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Tactical Recovery of Aircraft and Personnel Platoon trains to rescue downed pilots

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In the unfortunate event that an aircraft goes down, pilots can rest assured the 15th Marine Expeditionary Unit has trained a 24-man platoon to come and get them.

The Tactical Recovery of Aircraft and Personnel Platoon underwent specialized training under the supervision of I Marine Expeditionary Force’s Special Operations Training Group. The Marines and sailors honed their skills by performing a simulated recovery, here, May 10.

“We are doing everything to make the training for these Marines and sailors as realistic as possible,” said Maj. Scott A. Huesing, assistant operations officer, 15th MEU. “This scenario involves the TRAP Platoon recovering a downed pilot,” added the 42-year-old native of Chicago.

With a UH-1Y and an AH-1Z in the air providing escorts, the platoon landed in a CH-53E Super Stallion in a nearby location and immediately set up a security perimeter. As the helicopter took off and joined his escorts in the air, the platoon began patrolling in search of the pilot, using a honing beacon to find her location to bring her back to safety.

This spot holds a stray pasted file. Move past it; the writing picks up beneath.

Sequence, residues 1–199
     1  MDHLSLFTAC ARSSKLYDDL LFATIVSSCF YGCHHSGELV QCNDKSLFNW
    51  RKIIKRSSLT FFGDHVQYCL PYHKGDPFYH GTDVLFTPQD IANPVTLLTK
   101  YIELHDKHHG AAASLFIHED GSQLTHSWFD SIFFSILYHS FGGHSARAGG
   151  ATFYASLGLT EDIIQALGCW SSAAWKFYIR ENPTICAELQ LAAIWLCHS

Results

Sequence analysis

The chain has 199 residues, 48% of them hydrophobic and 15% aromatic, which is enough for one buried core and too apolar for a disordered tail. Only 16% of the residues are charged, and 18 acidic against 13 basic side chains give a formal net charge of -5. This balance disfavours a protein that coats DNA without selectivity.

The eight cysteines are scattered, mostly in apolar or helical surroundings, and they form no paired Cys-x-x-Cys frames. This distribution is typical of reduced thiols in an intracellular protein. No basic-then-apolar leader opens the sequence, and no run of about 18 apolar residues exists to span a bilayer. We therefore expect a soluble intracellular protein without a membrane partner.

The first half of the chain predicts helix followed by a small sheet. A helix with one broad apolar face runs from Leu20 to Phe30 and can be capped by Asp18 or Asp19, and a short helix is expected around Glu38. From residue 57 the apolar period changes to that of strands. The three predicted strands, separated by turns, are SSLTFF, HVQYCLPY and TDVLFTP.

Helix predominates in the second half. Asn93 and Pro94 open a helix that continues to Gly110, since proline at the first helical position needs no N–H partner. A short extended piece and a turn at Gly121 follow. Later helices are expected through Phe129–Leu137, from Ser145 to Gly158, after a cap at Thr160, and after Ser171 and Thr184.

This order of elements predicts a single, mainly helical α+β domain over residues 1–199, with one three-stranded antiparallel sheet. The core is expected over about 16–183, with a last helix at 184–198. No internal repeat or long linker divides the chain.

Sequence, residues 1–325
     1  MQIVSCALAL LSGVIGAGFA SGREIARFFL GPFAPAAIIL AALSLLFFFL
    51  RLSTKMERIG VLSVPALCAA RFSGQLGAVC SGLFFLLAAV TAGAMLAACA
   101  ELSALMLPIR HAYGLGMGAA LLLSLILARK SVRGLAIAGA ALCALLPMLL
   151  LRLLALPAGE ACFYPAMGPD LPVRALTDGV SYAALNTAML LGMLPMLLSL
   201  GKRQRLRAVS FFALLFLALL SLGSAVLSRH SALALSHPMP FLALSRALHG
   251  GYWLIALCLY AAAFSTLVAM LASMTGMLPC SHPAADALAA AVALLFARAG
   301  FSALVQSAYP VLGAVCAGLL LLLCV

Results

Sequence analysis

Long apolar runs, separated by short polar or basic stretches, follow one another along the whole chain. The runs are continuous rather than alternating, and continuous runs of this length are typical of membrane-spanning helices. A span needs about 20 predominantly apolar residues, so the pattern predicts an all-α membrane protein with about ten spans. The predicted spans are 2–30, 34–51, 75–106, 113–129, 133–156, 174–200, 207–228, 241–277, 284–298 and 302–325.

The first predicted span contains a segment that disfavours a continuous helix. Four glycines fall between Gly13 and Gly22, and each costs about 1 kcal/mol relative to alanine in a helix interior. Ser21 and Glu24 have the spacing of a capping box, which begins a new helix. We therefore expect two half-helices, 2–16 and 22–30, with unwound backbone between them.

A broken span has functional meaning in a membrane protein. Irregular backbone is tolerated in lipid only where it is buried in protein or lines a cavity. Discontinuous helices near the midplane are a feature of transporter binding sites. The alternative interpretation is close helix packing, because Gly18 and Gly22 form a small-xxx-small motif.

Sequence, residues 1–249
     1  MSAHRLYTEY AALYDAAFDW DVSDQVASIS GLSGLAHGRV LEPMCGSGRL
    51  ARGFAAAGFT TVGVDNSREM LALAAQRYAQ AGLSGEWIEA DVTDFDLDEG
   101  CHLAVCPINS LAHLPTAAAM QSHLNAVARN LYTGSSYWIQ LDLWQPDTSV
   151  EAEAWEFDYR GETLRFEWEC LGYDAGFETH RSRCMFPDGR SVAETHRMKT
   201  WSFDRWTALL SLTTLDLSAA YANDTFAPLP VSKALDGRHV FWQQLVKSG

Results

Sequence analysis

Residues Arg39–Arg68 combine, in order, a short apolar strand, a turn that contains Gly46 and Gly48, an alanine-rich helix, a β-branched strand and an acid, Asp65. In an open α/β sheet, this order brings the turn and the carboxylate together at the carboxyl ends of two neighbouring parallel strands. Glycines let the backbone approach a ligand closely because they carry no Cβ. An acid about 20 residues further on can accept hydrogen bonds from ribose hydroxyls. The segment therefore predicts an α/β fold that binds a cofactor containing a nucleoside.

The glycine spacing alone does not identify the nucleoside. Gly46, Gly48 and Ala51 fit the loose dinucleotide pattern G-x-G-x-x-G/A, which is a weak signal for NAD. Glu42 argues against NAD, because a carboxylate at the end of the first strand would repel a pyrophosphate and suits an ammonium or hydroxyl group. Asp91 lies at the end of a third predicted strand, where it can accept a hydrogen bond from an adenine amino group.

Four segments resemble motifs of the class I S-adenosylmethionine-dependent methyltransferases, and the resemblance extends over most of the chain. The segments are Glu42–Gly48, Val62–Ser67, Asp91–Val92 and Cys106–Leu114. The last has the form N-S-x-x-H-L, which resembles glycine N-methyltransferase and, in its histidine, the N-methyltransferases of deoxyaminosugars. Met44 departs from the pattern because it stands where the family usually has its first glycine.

Other role players were staged in the training area simulating a hostile force, firing at the Marines during their resuce efforts. The rest of the platoon provided security while Sgt. Scott W. Ghilcrist, the TRAP Platoon’s recovery team leader, climbed up a tree and lowered the pilot to safety.

“They had two safeties and created a pulley system to help ease me down,” said Cpl. Brittany L. Jones, one of the role players and a radio operator, Command Element, 15th MEU. “They got me to the helicopter pretty quickly, and they did an excellent job. I’m sure if they were called upon to execute this mission in real life, it would go as well as it did today,” added the 25-year-old native of Elizabethtown, N.C.

The TRAP Platoon carried the pilot on a stretcher back to their helicopter and returned to base.

“In real life, the pilot could be incapacitated,” said Maj. Ruben Gutierrez, officer-in-charge of amphibious raids, SOTG, I MEF. “We build these scenarios off of missions that have really happened, such as the TRAP 26th MEU recently performed.”

This particular scenario is one of many the platoon will undergo to help improve their specialized skill set.

“The 15th MEU is the middleweight force that can handle missions big or small,” said Huesing. “The TRAP Platoon is one of the many tools the MEU commander can use to leverage a situation.”

The TRAP training was conducted as part of the ground portion of Realistic Urban Training, which the unit is conducting in preparation for their deployment scheduled for this fall.

Article by Cpl. John Robbart III, 15th MEU